Indiana smoking ban receives final approval

It looks like Indiana will have a statewide smoking ban starting July 1st.

The smoking ban bill today survived a close vote in the Indiana State Senate and is now headed to the governor’s desk.

The final version of the bill does allow smoking to continue in bars and taverns. While that means it is not as strict as the local ban already in place in the City of Elkhart, at least the state ban will leave Elkhart’s local ban alone. Local governments will be free to impose restrictions that go above and beyond the state standards.

The statewide smoking ban also includes exemptions for fraternal clubs, casinos, and hookah bars, although the ban will apply to charity gaming, nursing homes and residential mental health facilities.

The main targets of the ban are family restaurants that allow patrons under the age of 21, and work places like offices and factories.

While some complained that the statewide ban had “too many” exemptions, today proved that the bill had “just enough” exemptions.

“But we can count and we knew that we had to have enough exemptions in this bill to satisfy 51 people in the house of representatives and 26 people in this senate,” said Sen. Vi Simpson, (D) Ellettsville.

In the end, the smoking ban picked up 28 votes in the senate. The list of supporters included Sen. John Broden, (D) South Bend, who admits the state-wide ban will have little, if any impact in his district. “I haven’t completely cross referenced the state ban with our local ordinance but quite frankly, they seem very, very similar to me.”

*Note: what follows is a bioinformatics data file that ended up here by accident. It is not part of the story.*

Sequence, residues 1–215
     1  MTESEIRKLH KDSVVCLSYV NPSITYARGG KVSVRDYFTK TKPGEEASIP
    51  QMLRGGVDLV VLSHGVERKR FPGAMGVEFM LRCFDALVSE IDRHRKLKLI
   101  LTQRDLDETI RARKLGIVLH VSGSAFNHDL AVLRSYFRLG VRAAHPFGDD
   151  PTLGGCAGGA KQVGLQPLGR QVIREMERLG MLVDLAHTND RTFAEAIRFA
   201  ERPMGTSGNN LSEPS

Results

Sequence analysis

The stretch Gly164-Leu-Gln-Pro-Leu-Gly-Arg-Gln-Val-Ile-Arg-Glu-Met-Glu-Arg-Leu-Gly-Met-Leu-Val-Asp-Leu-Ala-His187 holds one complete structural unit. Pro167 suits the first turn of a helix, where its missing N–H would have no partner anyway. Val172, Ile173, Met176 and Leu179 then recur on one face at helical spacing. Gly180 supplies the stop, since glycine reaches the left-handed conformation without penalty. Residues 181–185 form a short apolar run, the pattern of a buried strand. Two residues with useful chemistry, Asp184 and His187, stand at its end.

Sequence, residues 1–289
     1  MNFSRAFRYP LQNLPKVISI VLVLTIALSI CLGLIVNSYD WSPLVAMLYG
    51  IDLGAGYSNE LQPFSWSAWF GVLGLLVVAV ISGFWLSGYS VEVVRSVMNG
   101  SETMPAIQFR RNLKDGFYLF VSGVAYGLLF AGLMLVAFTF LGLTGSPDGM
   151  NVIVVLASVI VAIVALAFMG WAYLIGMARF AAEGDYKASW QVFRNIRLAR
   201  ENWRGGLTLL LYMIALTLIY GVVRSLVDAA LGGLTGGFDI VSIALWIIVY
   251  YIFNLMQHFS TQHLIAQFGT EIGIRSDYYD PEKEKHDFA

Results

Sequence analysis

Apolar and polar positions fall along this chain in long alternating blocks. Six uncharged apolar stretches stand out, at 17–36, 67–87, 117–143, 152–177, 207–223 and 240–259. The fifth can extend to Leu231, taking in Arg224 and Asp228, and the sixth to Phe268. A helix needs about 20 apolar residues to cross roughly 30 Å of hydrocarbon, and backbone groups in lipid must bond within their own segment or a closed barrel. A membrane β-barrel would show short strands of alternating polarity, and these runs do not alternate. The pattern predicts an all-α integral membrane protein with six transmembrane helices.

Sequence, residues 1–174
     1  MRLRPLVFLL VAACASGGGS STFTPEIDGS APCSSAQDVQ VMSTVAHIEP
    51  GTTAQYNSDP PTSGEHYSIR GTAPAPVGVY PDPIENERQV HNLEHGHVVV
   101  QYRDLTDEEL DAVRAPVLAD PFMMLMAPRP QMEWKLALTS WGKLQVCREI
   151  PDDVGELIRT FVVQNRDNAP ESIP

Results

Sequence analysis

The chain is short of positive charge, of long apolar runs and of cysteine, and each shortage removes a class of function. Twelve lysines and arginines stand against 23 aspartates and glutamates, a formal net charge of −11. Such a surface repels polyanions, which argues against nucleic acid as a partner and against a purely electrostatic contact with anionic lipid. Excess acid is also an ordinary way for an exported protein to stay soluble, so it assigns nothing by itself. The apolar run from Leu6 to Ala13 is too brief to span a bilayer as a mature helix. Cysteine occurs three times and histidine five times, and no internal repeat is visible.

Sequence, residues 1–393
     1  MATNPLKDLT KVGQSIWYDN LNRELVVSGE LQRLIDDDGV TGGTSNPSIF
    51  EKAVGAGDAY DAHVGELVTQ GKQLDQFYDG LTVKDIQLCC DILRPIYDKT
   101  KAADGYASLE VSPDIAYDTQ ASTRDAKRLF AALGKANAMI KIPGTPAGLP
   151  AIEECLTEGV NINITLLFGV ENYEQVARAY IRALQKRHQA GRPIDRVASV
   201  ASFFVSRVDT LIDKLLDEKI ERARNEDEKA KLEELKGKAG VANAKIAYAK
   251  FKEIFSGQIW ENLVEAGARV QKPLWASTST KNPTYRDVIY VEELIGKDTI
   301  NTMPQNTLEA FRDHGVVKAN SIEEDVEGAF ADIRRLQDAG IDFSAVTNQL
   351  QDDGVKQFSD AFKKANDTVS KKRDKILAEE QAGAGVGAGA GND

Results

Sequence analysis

Still others on the senate floor warned that the bill was written so poorly, that it would end up going further than anyone intended.

“We’ve gone beyond, beyond a public smoking ban and we are banning smoking, in some cases, in the home,” said Sen. Mike Delph, (R) Carmel.

Sen. Delph was referring to the bill’s impact on home based businesses.

Those who expressed an unwillingness to move forward with a smoking ban today were challenged to take a step back. “There was a time in this chamber and in this building you could smoke, if you don’t want regulation, then let’s bring it back into this house and see how our employees feel about it,” said Sen. Greg Taylor, (D) Indianapolis.

While the smoking ban debate is over for now, it’s not over for good. Several lawmakers pledged to be back in the years to come to try and expand the ban.


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